VoIP's future is calling

With massive interest and plenty of contradictory opinions, VoIP is looking lively but confusing. The future is clearer, even if it is not to the telcos' taste.

There's a lot of noise on the line in retail VoIP at the moment. BT and others are enjoying price-cut fisticuffs, while Skype has managed the gratifying trick of turning a mostly free, mostly closed service into a multi-billion dollar payout. With shades of dot-com overexcitement and much smoke over standards, there is some excuse for bewilderment among those who follow the scene.

Yet the evolution of VoIP will follow a predictable path. It's all about the money. Because the incremental cost of adding VoIP to broadband is effectively zero, broadband users are migrating to VoIP in droves. For a while, there will be revenues from PSTN gateways — but not for ever: the cost of using VoIP on broadband is actually zero, so the existing users will draw more people into broadband subscriptions. Eventually, it will become cheaper for BT to service the remaining PSTN customers with a broadband connection and VoIP disguised — and billed — as an ordinary telephone. For telephony, the digital switchover will be complete.

There will then be just two models for revenue generation: a closed system of bundled services or sets of open services available to all comers. Closed is much easier — it's what IM providers have relied on as they battle against multi-service clients and scrupulously avoid adopting open standards. If your friend or your company is using that system, then so must you — and so must your other friends or your business contacts. It's not very convenient.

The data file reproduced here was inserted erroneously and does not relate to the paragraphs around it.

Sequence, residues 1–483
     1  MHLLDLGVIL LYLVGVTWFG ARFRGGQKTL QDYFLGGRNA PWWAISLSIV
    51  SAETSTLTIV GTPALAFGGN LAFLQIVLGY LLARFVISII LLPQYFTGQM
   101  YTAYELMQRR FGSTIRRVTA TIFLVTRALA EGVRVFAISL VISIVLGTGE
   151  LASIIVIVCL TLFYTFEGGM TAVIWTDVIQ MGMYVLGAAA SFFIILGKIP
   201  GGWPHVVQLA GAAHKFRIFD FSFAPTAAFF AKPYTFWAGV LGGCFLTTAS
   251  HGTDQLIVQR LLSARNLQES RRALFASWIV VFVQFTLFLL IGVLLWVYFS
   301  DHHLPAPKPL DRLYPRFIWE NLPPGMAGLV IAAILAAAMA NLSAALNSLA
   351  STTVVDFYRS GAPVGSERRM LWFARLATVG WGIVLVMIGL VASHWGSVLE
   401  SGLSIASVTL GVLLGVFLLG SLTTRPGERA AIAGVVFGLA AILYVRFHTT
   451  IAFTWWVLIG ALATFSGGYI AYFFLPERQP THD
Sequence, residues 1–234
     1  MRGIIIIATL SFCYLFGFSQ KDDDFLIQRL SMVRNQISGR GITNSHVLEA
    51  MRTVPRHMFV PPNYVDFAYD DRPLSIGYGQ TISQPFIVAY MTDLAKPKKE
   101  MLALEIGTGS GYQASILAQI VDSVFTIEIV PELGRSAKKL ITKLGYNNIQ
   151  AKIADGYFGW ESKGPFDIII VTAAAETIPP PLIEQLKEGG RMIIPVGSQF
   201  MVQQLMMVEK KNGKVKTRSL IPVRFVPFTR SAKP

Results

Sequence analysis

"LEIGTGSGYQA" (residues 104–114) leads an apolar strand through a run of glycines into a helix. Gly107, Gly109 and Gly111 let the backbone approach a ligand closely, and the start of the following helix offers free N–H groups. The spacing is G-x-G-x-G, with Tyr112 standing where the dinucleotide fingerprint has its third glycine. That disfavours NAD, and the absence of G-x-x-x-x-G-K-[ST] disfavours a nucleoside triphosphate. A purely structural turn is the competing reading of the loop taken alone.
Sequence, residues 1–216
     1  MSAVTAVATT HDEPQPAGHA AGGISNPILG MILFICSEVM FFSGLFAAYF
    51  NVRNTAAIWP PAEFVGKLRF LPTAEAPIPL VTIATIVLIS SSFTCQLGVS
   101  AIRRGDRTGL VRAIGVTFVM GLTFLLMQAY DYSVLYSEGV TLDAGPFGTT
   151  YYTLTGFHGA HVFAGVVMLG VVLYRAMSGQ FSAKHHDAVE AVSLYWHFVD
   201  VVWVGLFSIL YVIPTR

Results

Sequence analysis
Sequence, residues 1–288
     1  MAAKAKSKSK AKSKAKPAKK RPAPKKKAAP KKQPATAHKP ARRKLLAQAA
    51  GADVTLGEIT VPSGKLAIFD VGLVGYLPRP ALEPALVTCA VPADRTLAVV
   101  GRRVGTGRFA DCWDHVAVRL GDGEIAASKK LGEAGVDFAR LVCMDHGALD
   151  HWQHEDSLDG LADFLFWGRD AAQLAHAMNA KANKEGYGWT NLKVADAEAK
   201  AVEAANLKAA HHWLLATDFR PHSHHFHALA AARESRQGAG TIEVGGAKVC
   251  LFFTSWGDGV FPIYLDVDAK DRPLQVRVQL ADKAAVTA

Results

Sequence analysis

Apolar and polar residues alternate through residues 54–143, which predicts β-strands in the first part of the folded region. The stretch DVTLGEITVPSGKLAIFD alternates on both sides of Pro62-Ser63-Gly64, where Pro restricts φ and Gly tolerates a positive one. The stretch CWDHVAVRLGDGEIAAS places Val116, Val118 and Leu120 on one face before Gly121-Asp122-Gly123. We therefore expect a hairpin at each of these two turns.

An all-comer service provider doesn't care where the customers come from, it just wants to serve them. The more clients supported the better, so open standards are ideal. Although this is harder to make work than the cosy community model, the potential market is much larger and the fearsome competition will make the services that survive much sharper than those protected in their closed gardens.

The critical point comes when there are more and better open standard services for users to chose from than there are services available from any one closed VoIP supplier — and there will always be more people developing ideas outside any particular organisation than within. It's not a matter of if, it's when.

So don't worry unduly about the details of price wars, standards and providers. The canny will be able to find ever-better deals, while the lazy will get the benefits in due time. But the end point is clear: open services will triumph in the end. The VoIP provider which hears that call the clearest will be the one to which the others answer.